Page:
Julius Miknius is a project manager at Globalita, a member of the Sigmaris Group. His journey at Globalita started in 2017 when he was simply looking for a better paid job. Then he came to scaffolding training and immediately got a job at Globalita. He started at the lowest step in the carrier ladder, as a scaffolder of category 3.
Julius has always had a responsible approach to his work, and it didn’t take long for his reputation as a trustworthy worker to grow. Over time, Julius’ category as a scaffolder has changed, as have his responsibilities. He became a project manager on ongoing projects, and from August 2022 Julius’ permanent place of work is the Klaipėda Sigmaris Group administration office.
Julius, how does it feel to receive the Breakthrough of the Year Award?
It’s great that my colleagues voted for me. I did not expect to receive this award.
Colleagues describe you as a very simple, clear person who is easy to work with. How would you describe yourself?
Probably there is some truth to that.
However, effective communication and a level head are two crucial traits of a project manager. These qualities really help me in overcoming the difficulties I face on a daily basis as a project manager. I am not easily distracted, either. Globalita is my only employer in my scaffolder’s career. I value the quality of keeping my word. Compromise is the key to a good relationship and a good work result.
And what are the challenges of being a project manager?
First of all, every day is unique. You frequently plan your working day and present challenges in the morning, but seldom does everything happen as expected. Often, you have to deal with the here and now. Surprises happen every day. Actually, the challenges intrigue me since the work is so varied and never monotonous.
Tell us a little more about your career in scaffolding.
Today, looking back, everything seems very straightforward. I knew others who were already engaged in initiatives using scaffolding. I knew what to expect when I came to learn the scaffolding. I have worked as a scaffolder for many years, so the pitch is no longer mysterious to me.
As a scaffolder, I didn’t take the praise for granted because I just took it as my job. I have always felt responsible for the quality and results of my work. The outcome of a scaffolder’s job, however, heavily depends on the collective efforts of the entire team. You can be a superman in scaffolding, but you can’t achieve results alone, without a team. Scaffolding requires a team effort.
I’ve been a works manager on sites for the past two years. I found myself in the office unexpectedly. I came home for the summer vacation and found out that Globalita in Klaipėda was looking for a project manager. I got in touch
with the director and he invited me to try my hand at a new role. I had doubts, but I decided not to give up this opportunity. So, after more than 5 years with scaffolding, I came to work in the office.
What was the most interesting thing for you on scaffolding sites?
Lego for big boys is not for everybody, and it’s not interesting for everybody, either. I was always interested in the aesthetic side of construction. It was interesting to build a comfortable scaffolding structure, not just a primitive one. I didn’t want to put scaffolding together like axes. It’s better to spend more time planning, strategising, than to rush to get the scaffolding up as quickly as possible. I have stood for hours on the site where the scaffolding is to be erected as a works manager. I have thought about what the structure should be, how to make it strong, durable, comfortable and aesthetic.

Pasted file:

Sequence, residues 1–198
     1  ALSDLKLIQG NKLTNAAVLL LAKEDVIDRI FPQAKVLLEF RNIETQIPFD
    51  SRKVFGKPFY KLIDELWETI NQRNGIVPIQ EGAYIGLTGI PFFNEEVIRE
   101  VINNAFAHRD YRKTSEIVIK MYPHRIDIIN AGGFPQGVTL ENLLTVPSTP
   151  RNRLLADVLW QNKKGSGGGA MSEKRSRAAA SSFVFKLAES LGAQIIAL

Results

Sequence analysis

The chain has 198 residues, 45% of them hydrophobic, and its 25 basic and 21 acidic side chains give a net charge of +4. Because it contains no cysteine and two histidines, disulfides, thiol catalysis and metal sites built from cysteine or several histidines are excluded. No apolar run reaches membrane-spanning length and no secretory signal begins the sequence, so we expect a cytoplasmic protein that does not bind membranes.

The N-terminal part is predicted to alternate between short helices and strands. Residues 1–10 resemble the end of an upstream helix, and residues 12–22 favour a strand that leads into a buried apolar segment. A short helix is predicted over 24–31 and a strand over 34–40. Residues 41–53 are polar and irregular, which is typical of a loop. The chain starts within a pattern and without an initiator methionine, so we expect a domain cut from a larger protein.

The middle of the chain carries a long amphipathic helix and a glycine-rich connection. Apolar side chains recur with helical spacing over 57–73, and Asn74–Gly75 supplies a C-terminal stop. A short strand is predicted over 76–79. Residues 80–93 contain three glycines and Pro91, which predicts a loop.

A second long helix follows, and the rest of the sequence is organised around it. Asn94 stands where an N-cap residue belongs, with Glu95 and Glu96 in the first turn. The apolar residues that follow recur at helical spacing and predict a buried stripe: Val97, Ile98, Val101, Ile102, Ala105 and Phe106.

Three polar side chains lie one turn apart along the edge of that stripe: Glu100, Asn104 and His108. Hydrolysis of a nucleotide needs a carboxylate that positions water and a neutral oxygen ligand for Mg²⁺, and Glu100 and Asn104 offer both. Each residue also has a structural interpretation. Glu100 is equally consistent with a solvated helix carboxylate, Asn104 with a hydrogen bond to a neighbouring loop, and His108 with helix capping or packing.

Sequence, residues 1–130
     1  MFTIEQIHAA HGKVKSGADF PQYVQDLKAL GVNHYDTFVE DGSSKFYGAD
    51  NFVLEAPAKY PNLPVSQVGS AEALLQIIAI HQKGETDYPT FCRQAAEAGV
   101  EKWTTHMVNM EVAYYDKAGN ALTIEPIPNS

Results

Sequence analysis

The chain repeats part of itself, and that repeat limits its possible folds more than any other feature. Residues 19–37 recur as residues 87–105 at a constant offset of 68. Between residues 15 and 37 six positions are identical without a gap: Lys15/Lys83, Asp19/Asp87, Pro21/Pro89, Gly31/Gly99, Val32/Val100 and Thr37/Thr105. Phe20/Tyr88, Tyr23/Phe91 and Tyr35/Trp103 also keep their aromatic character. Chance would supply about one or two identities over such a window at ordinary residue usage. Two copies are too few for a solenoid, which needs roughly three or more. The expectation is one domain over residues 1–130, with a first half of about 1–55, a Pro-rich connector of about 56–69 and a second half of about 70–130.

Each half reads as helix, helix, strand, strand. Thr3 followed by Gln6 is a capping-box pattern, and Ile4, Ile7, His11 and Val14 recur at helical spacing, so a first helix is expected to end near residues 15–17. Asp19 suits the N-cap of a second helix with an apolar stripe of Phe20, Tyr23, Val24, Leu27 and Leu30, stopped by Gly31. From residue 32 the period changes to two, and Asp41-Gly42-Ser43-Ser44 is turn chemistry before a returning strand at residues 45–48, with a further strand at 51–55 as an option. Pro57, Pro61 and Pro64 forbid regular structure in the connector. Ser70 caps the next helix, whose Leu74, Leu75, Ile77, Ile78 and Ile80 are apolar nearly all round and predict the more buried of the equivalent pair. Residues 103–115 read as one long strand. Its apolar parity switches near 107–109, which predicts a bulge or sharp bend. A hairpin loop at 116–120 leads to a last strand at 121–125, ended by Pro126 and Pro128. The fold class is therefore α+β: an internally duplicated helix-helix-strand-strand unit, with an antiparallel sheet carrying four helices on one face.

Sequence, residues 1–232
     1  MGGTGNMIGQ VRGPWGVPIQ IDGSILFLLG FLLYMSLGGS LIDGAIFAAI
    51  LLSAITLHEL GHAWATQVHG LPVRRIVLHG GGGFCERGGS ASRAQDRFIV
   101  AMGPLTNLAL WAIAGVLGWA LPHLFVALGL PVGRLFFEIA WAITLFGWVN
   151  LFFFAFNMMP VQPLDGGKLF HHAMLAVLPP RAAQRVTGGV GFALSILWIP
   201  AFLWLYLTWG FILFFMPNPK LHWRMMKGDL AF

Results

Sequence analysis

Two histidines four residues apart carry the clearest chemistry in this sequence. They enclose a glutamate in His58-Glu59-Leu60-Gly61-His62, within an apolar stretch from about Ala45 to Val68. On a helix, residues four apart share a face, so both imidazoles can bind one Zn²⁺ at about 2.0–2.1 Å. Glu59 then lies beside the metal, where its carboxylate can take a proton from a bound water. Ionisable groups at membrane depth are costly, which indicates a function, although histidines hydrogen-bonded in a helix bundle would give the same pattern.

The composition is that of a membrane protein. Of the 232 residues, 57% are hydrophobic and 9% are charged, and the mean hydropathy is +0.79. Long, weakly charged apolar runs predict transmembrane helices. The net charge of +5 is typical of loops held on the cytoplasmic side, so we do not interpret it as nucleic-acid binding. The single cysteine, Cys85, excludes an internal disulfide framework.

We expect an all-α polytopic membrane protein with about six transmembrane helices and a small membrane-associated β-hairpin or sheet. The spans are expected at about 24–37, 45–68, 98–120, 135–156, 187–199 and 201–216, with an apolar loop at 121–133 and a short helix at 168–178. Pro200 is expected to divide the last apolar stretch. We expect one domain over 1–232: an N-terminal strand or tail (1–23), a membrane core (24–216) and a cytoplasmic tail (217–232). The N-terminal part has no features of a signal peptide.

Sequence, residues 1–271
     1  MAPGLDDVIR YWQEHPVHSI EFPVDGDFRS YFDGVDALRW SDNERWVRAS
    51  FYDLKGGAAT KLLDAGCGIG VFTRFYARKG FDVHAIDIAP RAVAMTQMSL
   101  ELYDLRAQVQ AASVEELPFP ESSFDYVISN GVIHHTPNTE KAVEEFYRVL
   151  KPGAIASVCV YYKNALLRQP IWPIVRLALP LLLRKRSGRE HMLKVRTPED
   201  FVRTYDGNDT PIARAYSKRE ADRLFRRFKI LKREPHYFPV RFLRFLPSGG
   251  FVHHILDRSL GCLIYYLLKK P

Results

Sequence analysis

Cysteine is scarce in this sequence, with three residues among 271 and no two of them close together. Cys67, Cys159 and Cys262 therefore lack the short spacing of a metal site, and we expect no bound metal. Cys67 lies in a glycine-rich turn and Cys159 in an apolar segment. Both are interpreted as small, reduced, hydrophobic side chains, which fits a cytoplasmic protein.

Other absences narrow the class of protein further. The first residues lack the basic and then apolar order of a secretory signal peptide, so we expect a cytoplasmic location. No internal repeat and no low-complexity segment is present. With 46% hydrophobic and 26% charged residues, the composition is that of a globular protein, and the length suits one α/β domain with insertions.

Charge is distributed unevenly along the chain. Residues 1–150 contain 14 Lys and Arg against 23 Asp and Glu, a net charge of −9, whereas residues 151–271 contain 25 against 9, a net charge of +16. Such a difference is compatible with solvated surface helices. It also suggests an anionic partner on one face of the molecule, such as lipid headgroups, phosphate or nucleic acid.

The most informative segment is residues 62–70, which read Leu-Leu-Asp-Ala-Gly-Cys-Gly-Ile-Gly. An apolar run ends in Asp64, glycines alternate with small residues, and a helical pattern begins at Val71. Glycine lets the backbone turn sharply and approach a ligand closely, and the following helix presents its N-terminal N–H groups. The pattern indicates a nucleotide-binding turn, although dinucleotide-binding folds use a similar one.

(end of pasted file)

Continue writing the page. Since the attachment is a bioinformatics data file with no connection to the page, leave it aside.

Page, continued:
Do you need a good memory to be a project manager?
Memory is definitely needed in this job because, for example, I have a team of about 100 people and I have to remember every colleague, not only as an employee but also as a person. I have to arrange work schedules in a way that keeps people happy and makes the work go faster. It goes without saying that most tasks are easier to do when team members get along well and do not become irritated with one another.
Although you work with scaffolding, there are two completely different stages in your career – outbound projects and working in an office. What are the plus points of each position?
Working in the Klaipėda office in gives you the opportunity to spend more time with your family. The workplace is in Klaipėda, where our home is. When you have travelled enough in the past, you want to be with your family. The need for a more sedentary life came with the birth of a child. I prefer to take charge of a project and see it through from beginning to end. It’s really exciting when the whole project is in your hands.
And the outgoing projects were fascinating because of the variety of locations and the good rewards. Working on these tasks allows you to take more than one month off each year, which is beneficial. There are undoubtedly a lot of special memories from both the spare time in foreign places and the scaffolding project sites.
How do you like to spend your free time?
When I’m bored, I go for a walk. But I do have a hobby – fishing. I like to watch the water. Being around people is also a pleasure of life for me. I like to enjoy the moment and I have a life motto – LIVE TODAY.
The funniest stories about scaffolding used to come from the scaffolders’ specific slang. There were many ambiguous situations.
What would keep you awake at night if you were a director of Sigmaris Group?
As a director, I would make sure that the projects that have already been sold are implemented properly.
On a scale of 1 to 10, how do you think you have fared in your career?
The six years with the scaffolding went really smoothly, so I would give myself a 10.